Our colleague Vivek Unune has pointed out yet another attack related to PDF files.
This one is a bit unusual in that it exploits a PDF language feature (launch action for embedded files), rather than a specific vulnerability. This means that it impacts not only the Adobe Reader, but probably all full-featured PDF viewers (though not all PDF viewers are full featured, see below).
This particular attack requires that the user actively allow the exploit to run, though as the author points out it is quite possible to mask this in such a way as to make it likely that users will go along (and in Foxit the exploit just runs, with no user interaction required). Preventing the exploit in the Adobe viewer is relatively simple (uncheck the box at Edit>Preferences>Trust Manager: Allow opening of non-PDF file attachments with external applications).
The reason one hears so much less about other vulnerable PDF applications is presumably that they are much less widely used. While there are a great many PDF viewers (see http://en.wikipedia.org/wiki/List_of_PDF_software), only one of them has any significant market share. I can't cite any real data for this claim (if anyone has statistics on penetration levels please send it), but my guess is that the distribution of PDF viewers is similar to that in the Office productivity market (MS Office vs. Corel and Open Office etc.), where the Microsoft share is about 80% overall (see http://www.webmasterpro.de/portal/news/2010/02/05/international-openoffice-market-shares.html). In the PDF world I'd bet that the combined share of all non-Adobe PDF viewers is less than 10% of the total, with the Adobe viewer having the other 90%.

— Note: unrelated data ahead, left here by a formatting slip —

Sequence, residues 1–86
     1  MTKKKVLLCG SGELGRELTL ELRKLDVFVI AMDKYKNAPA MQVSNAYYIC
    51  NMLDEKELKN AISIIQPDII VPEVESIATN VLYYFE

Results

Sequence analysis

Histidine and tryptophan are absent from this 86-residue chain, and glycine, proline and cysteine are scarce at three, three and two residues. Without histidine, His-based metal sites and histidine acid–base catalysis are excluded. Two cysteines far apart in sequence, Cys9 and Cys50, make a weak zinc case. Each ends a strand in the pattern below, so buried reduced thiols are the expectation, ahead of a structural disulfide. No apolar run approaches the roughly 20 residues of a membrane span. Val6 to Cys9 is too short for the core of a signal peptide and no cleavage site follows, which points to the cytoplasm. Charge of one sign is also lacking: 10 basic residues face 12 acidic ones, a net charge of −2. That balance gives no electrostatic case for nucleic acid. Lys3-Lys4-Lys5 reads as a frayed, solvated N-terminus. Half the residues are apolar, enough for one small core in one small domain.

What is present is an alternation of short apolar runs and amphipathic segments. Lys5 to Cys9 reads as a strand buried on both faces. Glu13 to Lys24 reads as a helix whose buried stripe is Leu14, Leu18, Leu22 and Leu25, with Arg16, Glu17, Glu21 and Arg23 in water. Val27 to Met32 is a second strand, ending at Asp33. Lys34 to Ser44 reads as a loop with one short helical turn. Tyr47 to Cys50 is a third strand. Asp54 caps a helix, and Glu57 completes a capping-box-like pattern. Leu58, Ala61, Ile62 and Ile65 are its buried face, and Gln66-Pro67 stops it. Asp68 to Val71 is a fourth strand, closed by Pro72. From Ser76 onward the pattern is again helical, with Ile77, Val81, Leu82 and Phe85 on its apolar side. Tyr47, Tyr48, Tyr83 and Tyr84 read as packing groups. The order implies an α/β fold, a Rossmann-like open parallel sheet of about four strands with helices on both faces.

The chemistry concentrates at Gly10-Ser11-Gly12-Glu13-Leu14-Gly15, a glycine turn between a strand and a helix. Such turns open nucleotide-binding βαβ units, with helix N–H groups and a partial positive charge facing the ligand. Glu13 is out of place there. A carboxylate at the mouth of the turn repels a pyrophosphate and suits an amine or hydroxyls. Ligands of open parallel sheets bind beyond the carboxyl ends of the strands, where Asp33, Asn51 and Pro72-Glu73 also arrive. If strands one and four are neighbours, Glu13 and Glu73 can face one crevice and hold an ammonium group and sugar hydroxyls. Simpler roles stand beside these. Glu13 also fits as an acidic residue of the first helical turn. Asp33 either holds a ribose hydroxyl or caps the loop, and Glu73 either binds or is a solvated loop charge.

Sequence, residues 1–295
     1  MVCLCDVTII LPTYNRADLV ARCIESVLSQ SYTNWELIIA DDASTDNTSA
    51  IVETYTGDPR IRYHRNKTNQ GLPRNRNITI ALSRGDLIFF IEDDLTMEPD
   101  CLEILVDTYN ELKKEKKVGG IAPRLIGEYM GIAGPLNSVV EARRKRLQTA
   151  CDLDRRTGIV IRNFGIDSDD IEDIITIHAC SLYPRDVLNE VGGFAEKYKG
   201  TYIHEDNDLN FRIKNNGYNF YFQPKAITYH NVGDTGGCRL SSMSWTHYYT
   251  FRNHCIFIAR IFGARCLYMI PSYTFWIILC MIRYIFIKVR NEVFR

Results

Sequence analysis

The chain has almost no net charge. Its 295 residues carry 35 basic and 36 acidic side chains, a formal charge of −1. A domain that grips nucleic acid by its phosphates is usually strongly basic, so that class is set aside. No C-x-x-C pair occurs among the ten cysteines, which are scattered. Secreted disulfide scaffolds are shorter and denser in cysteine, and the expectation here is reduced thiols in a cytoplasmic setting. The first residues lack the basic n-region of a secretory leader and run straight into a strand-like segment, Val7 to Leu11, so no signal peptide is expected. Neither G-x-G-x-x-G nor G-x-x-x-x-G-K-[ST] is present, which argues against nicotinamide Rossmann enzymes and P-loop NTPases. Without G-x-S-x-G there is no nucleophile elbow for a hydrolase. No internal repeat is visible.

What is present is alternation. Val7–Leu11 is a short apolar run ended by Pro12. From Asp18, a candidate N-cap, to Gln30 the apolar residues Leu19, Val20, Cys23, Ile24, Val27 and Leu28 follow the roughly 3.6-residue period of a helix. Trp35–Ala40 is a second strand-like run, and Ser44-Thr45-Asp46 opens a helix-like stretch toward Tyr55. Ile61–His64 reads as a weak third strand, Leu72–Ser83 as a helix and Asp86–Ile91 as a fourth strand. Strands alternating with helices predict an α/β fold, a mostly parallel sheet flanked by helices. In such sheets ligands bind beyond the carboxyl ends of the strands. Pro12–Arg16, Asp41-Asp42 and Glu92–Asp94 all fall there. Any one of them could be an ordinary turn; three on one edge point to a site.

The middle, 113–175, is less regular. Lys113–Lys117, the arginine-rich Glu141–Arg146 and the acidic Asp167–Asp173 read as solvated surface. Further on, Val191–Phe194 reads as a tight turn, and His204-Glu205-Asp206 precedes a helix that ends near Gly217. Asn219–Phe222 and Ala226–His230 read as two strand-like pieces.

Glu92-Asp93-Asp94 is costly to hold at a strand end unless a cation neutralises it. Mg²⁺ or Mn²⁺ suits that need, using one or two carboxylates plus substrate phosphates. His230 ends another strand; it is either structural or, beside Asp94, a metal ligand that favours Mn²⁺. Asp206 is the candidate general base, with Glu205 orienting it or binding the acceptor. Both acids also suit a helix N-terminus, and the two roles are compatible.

With this in mind I was intrigued to read a review by Duff Johnson of Appligent, http://www.appligent.com/talkingpdf-pdfreaderreview, in which he analyzes a few alternative PDF viewers and finds each of them wanting in many important respects, relative to Adobe's viewer. This functionality-gap is the result of Adobe having invented PDF and working with it longer, with more resources, than anyone else.
Just as we have seen Microsoft over the past five years, perhaps longer, make security a primary objective so too do we now see Adobe prioritizing the effort to stop vulnerabilities. Today the case can reasonably be made that Windows is the most secure OS available (see http://blogs.zdnet.com/hardware/?p=4146, http://www.oreillynet.com/windows/blog/2007/05/is_vista_more_secure_than_mac_1.html, etc.), and the same can be said about the Adobe 9.x viewers relative to all other PDF viewers. Adobe's statements around the beta of the next Acrobat release suggest that security will be an even more important part of that product, along with a variety of other features and functionality that we will discuss as soon as we are permitted to do so.
I should point out that FileOpen's encryption tools work with PDFs generated from a wide range of third-party PDF creation tools, in addition to Adobe Acrobat, as long as the PDFs are compliant with the PDF Specification, now an ISO standard. On the client-side, however, we currently support the Adobe Viewer for secure PDF viewing (in part for the security reasons mentioned above). We have also developed the FileOpen document viewer which can convert PDF content and display it securely in any Flash-enabled web browser, without any need for a client plug-in.